# Taylor Polynomial

stunner5000pt
Find the thrid taylor polynomial P3(x) for the function $f(x) = \sqrt{x+1}$ about a=0. Approximate f(0.5) using P3(x) and find actual error

thus Maclaurin series

$$f(x) = f(0) + f'(0)x + \frac{f''(0)}{2} x^2 + \frac{f^{3}(0)}{6} x^3$$

$$f(x) = x + \frac{1}{2} x - \frac{1}{8} x^2 + \frac{3}{48} x^3$$
am i right so far?
To approximate f(0.5) i simply put x=0.5 in the above equation?
How do i fin the actual error, though?
DO i have to use the remainder in this? Please help!

Thank you

## Answers and Replies

Staff Emeritus
Science Advisor
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stunner5000pt said:
am i right so far?

All but the first term is right. $f(0)\neq x$

To approximate f(0.5) i simply put x=0.5 in the above equation?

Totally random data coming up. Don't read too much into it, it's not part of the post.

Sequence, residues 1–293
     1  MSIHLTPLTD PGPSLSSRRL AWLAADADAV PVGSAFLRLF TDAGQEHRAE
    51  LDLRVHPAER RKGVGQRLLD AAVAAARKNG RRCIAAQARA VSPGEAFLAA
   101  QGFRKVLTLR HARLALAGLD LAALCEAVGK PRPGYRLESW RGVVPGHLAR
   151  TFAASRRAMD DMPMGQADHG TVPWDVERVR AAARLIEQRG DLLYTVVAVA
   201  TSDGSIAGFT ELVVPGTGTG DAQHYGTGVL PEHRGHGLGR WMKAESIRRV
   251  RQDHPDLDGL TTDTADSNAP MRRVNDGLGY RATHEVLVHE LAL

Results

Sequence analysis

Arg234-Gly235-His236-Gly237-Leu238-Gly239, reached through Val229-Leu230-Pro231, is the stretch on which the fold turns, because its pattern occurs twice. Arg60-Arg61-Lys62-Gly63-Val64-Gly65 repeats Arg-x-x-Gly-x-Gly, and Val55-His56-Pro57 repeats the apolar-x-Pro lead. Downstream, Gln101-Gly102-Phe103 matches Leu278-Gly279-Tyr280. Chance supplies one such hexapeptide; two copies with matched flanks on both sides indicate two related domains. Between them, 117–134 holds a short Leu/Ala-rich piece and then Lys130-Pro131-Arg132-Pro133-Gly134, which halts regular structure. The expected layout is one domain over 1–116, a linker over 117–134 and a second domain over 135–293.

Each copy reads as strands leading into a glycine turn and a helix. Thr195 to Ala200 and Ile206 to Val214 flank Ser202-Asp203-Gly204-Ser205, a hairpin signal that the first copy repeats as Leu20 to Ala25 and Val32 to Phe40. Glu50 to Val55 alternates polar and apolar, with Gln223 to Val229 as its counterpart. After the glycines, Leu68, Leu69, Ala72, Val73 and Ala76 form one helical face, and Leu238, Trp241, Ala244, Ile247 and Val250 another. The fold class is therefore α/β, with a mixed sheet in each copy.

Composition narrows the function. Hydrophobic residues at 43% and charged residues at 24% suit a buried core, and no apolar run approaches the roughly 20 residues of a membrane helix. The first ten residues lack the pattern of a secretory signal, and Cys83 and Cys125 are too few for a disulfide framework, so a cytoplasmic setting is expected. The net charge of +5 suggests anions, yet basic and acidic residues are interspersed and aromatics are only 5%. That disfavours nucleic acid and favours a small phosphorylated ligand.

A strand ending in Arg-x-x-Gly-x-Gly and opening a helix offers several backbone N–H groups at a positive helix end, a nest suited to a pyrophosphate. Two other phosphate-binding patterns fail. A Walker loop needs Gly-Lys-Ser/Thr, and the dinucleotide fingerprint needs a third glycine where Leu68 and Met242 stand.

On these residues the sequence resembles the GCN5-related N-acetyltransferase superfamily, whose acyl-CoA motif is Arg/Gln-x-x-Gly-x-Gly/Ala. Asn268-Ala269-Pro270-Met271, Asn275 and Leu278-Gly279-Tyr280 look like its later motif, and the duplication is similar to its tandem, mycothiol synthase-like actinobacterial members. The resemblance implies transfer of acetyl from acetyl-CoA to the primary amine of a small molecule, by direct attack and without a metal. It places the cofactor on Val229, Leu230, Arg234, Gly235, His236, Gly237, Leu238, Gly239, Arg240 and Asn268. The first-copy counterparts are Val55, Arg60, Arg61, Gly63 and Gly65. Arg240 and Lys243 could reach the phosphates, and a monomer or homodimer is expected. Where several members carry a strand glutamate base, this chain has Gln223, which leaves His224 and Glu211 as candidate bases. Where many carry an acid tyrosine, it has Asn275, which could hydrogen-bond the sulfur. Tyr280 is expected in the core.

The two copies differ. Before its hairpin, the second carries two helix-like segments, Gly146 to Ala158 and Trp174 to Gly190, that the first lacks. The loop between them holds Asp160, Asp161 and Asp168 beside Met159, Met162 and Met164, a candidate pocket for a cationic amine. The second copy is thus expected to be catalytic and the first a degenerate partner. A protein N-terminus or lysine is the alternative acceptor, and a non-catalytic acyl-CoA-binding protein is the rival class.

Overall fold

After you fix it, yes.

How do i fin the actual error, though?

Plug x=0.5 into f(x) on a calculator, and subtract your result from it. You won't exactly get the "actual" error because your calculator approximates, too. But it will be a very good estimate.

DO i have to use the remainder in this? Please help!

That depends on what is asked for. The remainder doesn't give you the actual error, but rather the maximum of the actual error. So unless you were asked to put bounds on the error, I would think that you would not have to use the remainder.

stunner5000pt
$$f(x) = 1 + \frac{1}{2} x - \frac{1}{8} x^2 + \frac{3}{48} x^3$$

i see the problem, its fixed now

im being cautious so I am goingto put hte upper limits

$$R_{4} = \frac{15}{384} (c+1)^{\frac{-7}{2}} x^4$$

so the error must be lesser than or equal to this R4 value. THat c value lies between 0.5 and x?

Is this right?

stunner5000pt
is this how one would solve for the maximum possible error as stated in the above post? Please do advise

Thank you for your help and input